I belong to a group who make shawls and lap robes for people who might need one. We recently sent one to an acquaintance of mine who lives across the country. She loved the gift but unfortunately it was made with wool and she is allergic to wool. I was so sad that the gift had brought irritation - literally. Since we didn't have another shawl in our collection that was appropriate, I thought that I would just weave one. Easy - right??
I thought I should have lots of yarn that would work. After looking through bin after bin, I did have yarns that would be suitable, but there wasn't enough. Or I had yarns that would be perfect, except for that 20% wool content.
Finally, I found two skeins of Misti Alpaca cotton/silk mix - "Pima Silk Hand Paint". It was perfect, except I didn't have enough. Fortunately, 3/2 perle cotton was just about the same grist as this yarn. I had some in the color "duck" from UKI that would look great. Now, what to use for the weft. I didn't want to use something too similar to this warp because I wanted a cozier final textile than would result from using say, the same 3/2 cotton as weft. I settled on an acrylic yarn that was probably twice the grist of the warp. I was a little concerned about this but thought that because it was a spongier yarn, it would fill in the spaces fine.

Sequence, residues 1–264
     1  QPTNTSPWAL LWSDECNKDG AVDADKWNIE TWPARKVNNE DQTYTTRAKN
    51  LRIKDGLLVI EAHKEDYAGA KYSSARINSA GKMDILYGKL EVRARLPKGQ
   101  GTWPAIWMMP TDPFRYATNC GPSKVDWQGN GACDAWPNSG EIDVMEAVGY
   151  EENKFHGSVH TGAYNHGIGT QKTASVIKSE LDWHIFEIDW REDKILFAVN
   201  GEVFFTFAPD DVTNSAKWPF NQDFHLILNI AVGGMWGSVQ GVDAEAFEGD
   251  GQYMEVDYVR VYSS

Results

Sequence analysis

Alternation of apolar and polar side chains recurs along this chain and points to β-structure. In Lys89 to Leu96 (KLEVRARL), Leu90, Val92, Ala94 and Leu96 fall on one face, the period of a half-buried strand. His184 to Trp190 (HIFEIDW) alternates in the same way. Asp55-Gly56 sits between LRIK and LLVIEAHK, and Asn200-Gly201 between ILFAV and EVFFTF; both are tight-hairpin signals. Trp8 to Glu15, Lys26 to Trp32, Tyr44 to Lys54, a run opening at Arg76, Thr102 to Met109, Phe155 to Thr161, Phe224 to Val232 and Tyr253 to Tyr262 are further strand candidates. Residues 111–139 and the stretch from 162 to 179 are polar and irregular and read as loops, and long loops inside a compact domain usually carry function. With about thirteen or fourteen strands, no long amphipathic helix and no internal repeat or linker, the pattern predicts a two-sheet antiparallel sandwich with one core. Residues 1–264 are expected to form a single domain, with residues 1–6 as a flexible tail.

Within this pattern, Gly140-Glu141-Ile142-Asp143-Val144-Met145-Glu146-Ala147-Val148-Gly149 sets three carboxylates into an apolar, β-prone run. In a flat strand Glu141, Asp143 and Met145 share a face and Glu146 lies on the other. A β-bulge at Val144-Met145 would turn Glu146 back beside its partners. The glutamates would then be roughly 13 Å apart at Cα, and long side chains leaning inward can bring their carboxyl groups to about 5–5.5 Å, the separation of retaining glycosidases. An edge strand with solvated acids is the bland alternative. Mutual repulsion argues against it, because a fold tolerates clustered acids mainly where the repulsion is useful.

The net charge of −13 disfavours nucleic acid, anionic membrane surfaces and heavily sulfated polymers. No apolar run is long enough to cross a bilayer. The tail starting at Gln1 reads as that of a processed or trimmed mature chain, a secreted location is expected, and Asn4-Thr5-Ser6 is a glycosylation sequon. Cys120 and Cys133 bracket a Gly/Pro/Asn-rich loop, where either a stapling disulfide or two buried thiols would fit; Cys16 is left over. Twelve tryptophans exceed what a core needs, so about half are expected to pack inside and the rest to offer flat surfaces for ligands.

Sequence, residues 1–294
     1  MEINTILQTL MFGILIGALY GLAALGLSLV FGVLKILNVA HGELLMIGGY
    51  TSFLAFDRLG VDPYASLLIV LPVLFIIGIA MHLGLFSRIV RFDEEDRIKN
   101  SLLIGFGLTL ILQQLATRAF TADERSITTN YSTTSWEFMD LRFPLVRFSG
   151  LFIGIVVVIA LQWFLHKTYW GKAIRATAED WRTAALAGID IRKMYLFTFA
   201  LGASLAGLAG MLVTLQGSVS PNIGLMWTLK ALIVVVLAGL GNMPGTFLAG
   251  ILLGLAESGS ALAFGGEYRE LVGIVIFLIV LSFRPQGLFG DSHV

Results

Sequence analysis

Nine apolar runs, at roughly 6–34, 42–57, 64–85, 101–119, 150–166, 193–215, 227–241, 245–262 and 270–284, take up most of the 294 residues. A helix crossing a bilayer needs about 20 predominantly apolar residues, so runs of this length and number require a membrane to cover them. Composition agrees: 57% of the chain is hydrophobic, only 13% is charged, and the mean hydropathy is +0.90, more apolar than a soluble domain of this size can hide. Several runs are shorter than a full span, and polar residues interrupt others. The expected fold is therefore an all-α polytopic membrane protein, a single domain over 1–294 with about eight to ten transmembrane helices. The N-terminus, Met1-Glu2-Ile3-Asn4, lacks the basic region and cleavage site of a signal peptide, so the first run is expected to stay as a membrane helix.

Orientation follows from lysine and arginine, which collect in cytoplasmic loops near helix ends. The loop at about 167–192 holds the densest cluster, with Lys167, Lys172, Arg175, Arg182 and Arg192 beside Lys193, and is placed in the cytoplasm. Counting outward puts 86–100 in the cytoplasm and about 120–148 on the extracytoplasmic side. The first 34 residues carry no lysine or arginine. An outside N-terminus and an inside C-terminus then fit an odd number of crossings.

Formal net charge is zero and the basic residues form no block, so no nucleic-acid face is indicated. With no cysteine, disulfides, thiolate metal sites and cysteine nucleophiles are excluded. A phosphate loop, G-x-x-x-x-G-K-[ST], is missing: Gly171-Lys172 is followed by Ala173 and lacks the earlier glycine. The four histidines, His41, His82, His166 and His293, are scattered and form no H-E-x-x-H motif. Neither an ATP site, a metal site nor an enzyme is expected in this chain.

For the warp, I alternated the cotton/silk yarn with the 3/2 cotton. It was sett at 15 epi. The warp was threaded to an 8-shaft point and the tie-up was a 2-2-1-1-1-1 twill. I had just enough of the cotton/silk yarn to wind on 28 inches of the warp, in the reed. The acrylic weft was woven at about 5 ppi.
I was pleasantly surprised at the results. The weft yarn filled in and the color variations of the painted warp showed through nicely. The warp floats, although no longer than three thread lengths were a bit longer than I would have liked because the weft ppi.
I washed the resulting shawl in my front-loader washing machine on a relatively gentle setting. I also put it in the drier on a low setting and dried to dampness. A twisted fringe was then created using a hair twirler.
The shawl turned out to be snuggly with lots of colors interest. I'm hoping it will suit the bill.
This was an interesting exercise to figure out how to make a shawl given constraints of fiber content and a desire to use yarn that I had in my stash. I'm very happy with the result.